Kansai Studies is a research-based project that comprises one of Kyoto Experiment’s three programs. Artists take the lead in the program researching the regional culture of Kyoto and the greater Kansai area, using text, photography, and video to record and compile information on the occurrences, ideas, and discoveries they encounter throughout. During its first year, the program’s theme was water, an essential source of life. Artists conducted research on Lake Biwa, and the process and documentation are available on the project website (kansai-studies.com).
For this second iteration, participants delve into the world of Kansai’s favorite okonomiyaki under the theme of food, building on “water” as another vital part of our livelihood. Following last year, Osaka-based collective dot architects and Kyoto-based theater director Nagara Wada continue to lead the program, using okonomiyaki as an entry point to dig into Kansai’s history and distinct sensibilities. They launch a multifaceted approach that considers the mystery of the dish’s name, subtle differences in menu offerings across cities, and more. The final form taken by this project is left undetermined; rather, it will emerge from a multi-year research process that will itself be made available online. During the festival, there will be a public event that doubles as an interim report.
Closing Event ☟
|Exhibition:||10.9 (Sat) — 10.24 (Sun) 13:00–20:00|
|(Closes at 18:00 on 10.24)|
|Closing event:||10.24 (Sun) 19:30|
Founded by Toshikatsu Ienari and Takeshi Shakushiro, dot architects is an architecture firm. It is based in the Kitakagaya district of Osaka at Coop Kitakagaya, a self-styled “collaborative studio for practicing another society,” and which brings together people and organizations from across different fields and disciplines, including art, alternative media, archiving, architecture, area studies, clubs, and nonprofits. It works collaboratively with both specialists and nonspecialists during the design and construction process. Not only design, dot architects is also involved with on-site construction, research projects, art projects, and more. Its major projects include Umaki camp (2013, Shodoshima) and Chidori-Bunka (2017, Osaka). At the 15th International Architecture Exhibition of the Venice Biennale in 2016, it was one of the exhibitors in the Japan Pavilion, which was awarded a special mention. The collective currently has seven members: Toshikatsu Ienari, Takeshi Shakushiro, Wataru Doi, Hidefumi Terada, Keiko Miyachi, Ai Ikeda, and Tomohiro Ishida.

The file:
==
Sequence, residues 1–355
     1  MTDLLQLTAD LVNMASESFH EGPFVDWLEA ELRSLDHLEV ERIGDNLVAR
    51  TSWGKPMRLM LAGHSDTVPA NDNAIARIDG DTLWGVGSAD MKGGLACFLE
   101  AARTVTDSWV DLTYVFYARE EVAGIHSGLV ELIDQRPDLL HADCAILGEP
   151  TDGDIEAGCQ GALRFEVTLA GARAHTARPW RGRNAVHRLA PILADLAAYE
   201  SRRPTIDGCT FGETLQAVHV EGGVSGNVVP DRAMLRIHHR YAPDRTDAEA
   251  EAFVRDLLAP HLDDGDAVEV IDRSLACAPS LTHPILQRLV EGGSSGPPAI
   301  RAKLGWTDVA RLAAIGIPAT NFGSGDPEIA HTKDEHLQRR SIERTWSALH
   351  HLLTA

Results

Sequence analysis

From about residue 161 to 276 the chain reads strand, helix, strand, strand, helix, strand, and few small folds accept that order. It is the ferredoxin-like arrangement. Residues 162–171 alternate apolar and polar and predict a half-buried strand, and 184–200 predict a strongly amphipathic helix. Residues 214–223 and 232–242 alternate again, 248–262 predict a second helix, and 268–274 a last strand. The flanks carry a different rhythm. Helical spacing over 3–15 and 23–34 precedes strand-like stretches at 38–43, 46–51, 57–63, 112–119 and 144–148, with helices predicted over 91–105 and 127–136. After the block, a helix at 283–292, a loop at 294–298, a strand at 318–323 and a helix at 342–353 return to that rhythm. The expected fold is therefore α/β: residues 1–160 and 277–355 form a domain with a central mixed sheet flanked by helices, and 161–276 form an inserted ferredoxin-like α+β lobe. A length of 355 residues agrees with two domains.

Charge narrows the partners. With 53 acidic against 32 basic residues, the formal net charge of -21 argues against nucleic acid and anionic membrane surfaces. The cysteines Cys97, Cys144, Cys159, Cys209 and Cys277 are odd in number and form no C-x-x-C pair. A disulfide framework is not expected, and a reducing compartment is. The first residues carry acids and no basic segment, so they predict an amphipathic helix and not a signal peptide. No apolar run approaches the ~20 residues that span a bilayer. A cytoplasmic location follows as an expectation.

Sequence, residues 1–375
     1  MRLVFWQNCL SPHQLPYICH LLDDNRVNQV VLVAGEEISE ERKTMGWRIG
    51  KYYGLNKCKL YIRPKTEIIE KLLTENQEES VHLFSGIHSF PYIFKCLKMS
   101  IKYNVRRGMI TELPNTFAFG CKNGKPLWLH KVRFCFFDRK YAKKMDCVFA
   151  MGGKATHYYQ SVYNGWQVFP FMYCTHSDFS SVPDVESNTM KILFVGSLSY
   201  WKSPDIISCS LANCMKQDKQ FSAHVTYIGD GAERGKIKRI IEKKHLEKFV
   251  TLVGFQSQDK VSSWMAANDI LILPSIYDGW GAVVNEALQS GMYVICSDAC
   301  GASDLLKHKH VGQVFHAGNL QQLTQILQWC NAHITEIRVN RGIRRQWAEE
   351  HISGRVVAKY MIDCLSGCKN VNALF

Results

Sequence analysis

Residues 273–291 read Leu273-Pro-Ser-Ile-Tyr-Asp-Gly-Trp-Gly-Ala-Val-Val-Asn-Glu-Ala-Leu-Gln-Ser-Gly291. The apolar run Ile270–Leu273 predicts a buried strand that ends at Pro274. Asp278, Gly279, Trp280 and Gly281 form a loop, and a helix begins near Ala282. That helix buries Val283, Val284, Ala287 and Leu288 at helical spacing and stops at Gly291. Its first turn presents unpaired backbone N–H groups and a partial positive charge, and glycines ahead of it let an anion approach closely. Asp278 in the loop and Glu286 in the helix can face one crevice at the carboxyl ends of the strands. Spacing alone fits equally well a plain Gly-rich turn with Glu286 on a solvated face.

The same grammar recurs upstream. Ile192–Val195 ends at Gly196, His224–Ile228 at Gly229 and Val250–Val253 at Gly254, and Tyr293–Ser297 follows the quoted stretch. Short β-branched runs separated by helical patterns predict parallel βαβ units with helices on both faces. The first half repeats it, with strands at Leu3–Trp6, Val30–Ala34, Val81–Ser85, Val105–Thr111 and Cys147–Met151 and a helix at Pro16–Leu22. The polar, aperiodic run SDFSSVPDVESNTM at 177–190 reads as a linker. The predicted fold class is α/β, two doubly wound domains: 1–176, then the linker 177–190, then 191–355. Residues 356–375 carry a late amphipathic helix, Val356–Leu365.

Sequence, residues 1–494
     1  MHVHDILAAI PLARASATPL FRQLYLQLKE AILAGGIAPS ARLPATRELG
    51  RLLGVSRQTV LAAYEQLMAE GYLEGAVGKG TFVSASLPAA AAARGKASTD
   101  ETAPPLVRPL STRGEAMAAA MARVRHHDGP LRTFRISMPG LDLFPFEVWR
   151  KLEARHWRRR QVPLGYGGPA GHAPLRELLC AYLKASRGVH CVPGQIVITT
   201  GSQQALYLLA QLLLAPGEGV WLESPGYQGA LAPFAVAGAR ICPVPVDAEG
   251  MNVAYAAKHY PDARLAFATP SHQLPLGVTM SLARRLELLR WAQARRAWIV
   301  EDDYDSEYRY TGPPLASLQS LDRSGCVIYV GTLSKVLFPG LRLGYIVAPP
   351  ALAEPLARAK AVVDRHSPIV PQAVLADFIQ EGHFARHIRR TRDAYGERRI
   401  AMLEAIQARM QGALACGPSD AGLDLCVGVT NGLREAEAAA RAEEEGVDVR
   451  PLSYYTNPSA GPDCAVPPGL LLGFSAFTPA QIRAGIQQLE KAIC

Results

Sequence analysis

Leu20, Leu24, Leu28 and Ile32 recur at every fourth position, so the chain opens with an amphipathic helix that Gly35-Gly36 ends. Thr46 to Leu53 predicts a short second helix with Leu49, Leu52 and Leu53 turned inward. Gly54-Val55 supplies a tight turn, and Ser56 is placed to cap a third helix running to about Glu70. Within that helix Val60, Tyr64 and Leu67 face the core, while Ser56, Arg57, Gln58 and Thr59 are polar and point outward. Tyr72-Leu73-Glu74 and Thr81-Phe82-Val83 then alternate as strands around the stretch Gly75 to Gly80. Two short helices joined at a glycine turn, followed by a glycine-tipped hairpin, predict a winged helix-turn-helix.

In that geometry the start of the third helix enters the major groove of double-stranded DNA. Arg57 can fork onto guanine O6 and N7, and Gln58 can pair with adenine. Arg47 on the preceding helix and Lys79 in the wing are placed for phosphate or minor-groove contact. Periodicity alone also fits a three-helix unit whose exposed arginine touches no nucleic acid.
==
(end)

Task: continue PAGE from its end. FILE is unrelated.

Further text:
Wada established shitatame in February 2011 and started working as a theater director based in Kyoto. In her practice, she creates theater that uses language and the body to zoom in on the vast amount of details that we miss in our daily lives, as if stringing together a series of failed attempts to grasp something. She collaborates with artists from such other fields as visual art and photography. In 2015, she won Best Work at the fifth edition of the Telling a Story by Creating from a Play Script competition. In 2018, she won the Audience Award at the Komaba Agora Directors Concours. From 2019, she has been involved with the cartographical research project Our Freehand Atlas. She is a Saison Fellow I from 2021.
Research Members: dot architects, Nagara Wada, Tatsunori Imamura, Hirotomo Kojima, Yoko Kawasaki, Yuya Tsukahara, Juliet Reiko Knapp
Performer: Mizuki Iizaka, Tatsunori Imamura, Shotaro Moroe
Video: Kotaro Konishi
Performers (online streaming): dot architects, Mizuki Iizaka, Tatsunori Imamura, Shotaro Moroe
Direction (online streaming): Nagara Wada
Streaming Technical Direction: Takuya Matsumi
Streaming Online: Yoshitaka Shimada, Sou Fukuoka, Takuya Matsumi (slide//show)
Website Direction / Logo Design: Takuya Matsumi
Coordinator: Hirotomo Kojima
Supported by Japan Foundation for Regional Art Activities [Intergenerational Thinking]
Presented by Kyoto Experiment